The signal of free ions exhibits a blueshift relative to that of Rydberg atoms. In addition, we take note that the line width of the free ion signal is less than that of Rydberg atoms, and the intensity of the red side of the free ion signal is lower than that of the blue side. It indicates that Rydberg atoms in the blue-detuned side of the atomic resonance are easy to ionize. Similar results are obtained in an Rb MOT by Amthor et al. [11,13], in which the explicit blueshift was observed after a delay time of tens of microseconds. The results were explained as the excitation of atom pairs with a vdW repulsive potential and a sequent redistribution from the repulsive potential to the attractive potential induced by blackbody radiation. However in our experiments, the free ions are observed at ~100 ns delay time, which is not possible to explain by blackbody radiation.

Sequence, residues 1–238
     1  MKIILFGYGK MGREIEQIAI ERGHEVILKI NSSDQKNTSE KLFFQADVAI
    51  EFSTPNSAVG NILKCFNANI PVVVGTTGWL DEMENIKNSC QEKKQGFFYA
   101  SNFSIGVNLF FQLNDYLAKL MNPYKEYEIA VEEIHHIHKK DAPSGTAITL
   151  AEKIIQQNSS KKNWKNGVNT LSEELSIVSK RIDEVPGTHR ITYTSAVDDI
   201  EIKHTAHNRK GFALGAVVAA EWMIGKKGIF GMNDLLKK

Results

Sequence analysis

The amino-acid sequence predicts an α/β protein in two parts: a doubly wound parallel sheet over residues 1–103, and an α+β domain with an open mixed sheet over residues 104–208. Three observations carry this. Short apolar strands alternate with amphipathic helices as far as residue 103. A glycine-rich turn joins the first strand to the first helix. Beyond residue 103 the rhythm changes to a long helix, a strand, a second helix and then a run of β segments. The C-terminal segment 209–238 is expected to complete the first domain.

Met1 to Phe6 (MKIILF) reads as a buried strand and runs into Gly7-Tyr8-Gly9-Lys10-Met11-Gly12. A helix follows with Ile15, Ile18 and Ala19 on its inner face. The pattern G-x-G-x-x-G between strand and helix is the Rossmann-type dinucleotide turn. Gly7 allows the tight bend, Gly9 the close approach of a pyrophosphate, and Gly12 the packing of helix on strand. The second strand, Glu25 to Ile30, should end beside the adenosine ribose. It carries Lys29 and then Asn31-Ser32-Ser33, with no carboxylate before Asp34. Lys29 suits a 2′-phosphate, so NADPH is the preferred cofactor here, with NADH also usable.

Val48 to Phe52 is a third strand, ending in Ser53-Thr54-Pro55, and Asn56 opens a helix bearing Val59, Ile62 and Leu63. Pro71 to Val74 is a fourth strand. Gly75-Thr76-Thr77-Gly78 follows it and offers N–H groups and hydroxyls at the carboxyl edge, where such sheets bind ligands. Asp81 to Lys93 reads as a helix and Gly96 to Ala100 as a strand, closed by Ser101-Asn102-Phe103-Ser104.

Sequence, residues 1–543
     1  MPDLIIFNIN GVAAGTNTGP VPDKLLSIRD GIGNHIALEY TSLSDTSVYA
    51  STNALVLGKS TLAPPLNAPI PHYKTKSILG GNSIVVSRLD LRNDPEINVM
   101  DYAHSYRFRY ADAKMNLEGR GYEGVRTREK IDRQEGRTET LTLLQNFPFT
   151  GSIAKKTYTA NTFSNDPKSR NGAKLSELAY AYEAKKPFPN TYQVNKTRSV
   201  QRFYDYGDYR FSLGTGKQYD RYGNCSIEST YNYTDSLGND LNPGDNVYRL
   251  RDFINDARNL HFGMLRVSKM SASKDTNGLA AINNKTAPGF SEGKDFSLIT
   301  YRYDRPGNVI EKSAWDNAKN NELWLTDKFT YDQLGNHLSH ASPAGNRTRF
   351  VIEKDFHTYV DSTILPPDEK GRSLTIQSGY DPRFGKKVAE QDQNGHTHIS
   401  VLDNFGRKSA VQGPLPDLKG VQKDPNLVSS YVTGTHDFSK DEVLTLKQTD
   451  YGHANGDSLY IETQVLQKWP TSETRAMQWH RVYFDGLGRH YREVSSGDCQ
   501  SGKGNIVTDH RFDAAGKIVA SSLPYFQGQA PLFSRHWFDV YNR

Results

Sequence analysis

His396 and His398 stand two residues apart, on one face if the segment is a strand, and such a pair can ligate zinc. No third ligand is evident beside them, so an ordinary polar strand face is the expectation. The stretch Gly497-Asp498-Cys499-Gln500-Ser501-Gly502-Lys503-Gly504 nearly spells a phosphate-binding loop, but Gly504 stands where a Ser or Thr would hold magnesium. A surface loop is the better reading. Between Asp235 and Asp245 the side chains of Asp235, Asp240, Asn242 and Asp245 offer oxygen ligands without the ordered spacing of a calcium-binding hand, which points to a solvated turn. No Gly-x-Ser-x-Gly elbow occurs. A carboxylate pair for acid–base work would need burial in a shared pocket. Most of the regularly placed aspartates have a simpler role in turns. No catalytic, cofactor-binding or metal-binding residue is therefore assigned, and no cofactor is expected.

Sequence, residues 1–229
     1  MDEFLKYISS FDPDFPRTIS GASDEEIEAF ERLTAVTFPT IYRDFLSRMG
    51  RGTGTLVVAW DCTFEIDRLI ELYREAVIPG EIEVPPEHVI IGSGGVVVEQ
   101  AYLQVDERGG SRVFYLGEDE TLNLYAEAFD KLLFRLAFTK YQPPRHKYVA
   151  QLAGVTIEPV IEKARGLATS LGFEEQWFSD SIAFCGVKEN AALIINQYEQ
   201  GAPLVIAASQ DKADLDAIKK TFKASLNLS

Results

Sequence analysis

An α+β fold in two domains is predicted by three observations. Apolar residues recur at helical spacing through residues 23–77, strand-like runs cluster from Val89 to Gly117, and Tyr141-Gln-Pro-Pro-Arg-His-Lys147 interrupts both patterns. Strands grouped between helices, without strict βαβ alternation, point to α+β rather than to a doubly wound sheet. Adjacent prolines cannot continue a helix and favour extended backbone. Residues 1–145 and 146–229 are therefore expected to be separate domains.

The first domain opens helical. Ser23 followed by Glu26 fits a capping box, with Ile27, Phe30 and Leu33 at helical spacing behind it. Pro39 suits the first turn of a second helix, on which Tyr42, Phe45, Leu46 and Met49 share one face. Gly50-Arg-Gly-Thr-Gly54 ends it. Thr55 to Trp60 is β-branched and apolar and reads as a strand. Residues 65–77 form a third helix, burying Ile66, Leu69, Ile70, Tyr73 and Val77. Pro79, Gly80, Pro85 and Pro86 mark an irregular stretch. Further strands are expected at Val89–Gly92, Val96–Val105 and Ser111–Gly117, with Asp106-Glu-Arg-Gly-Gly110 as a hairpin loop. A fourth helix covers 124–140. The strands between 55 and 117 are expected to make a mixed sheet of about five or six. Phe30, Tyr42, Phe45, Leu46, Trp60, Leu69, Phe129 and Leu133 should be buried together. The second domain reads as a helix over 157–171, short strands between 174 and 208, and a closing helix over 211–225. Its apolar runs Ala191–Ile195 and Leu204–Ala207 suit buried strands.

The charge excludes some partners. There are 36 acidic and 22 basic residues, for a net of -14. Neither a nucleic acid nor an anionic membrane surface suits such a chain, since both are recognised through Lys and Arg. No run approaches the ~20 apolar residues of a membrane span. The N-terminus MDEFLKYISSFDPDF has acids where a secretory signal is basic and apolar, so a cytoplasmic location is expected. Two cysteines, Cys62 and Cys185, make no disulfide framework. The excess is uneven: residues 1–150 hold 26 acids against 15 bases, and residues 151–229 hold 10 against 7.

3.2 The observation of evolution of Rydberg atoms in repulsive potential

We investigate the dynamics of Rydberg atoms in the 40D5/2 state by measuring the spectra of free ions and Rydberg atoms at different delay times. In order to avoid the saturation effect of atomic excitation, we apply the 510 nm laser with a power of 29.6 mW (~44.8 W/cm−2) to excite 6P3/2 atoms. The obtained Rydberg gases have an initial density of 3.5 × 1010 cm−3 and an atomic average separation of 1.7 μm. Taking into account the motion of ultracold Rydberg atoms, the atoms would move away from the interaction region after a 3.5 μs delay time. We observe just the evolution of Rydberg atoms within 3.5 μs.